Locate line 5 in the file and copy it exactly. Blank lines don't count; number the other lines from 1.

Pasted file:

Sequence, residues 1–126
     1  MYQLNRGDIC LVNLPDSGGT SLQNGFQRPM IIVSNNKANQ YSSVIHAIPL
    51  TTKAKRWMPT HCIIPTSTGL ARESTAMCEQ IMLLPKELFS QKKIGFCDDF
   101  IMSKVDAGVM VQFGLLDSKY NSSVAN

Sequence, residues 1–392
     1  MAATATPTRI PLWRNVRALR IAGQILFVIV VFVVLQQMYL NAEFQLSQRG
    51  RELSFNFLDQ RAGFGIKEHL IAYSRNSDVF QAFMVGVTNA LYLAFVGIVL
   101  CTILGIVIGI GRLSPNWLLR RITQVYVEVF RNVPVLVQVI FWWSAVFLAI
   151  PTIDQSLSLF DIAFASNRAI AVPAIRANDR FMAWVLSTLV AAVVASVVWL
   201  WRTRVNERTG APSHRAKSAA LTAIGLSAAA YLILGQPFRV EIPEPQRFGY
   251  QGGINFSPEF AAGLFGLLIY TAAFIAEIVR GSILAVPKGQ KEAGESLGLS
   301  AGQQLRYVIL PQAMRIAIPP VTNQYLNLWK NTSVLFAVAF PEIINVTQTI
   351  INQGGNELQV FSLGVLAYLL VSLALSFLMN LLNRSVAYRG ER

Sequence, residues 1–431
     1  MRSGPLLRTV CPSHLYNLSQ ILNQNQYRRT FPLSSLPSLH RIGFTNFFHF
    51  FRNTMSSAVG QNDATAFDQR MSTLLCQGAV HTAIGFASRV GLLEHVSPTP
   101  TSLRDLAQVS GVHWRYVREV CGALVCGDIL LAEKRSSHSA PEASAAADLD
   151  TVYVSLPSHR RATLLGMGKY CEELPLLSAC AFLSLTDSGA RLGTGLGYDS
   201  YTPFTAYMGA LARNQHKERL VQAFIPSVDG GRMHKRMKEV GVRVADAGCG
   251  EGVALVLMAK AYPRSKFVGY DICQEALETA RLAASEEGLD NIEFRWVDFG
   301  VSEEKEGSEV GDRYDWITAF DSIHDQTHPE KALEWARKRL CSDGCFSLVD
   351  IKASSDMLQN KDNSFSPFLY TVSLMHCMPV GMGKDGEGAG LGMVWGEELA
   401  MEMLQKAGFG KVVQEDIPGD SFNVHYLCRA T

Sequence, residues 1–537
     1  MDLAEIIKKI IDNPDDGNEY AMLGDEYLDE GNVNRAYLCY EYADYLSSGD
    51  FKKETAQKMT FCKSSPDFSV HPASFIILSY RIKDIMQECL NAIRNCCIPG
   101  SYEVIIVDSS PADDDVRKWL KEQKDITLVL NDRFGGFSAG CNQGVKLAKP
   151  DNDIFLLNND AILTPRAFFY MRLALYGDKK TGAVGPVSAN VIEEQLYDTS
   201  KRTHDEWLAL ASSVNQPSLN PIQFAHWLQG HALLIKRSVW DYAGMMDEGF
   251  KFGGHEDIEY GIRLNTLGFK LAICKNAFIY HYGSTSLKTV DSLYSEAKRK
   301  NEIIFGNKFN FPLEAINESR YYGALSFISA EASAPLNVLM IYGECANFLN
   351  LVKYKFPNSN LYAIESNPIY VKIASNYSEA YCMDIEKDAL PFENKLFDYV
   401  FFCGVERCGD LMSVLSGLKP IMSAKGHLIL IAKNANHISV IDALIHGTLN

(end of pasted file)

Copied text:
Sequence, residues 1–392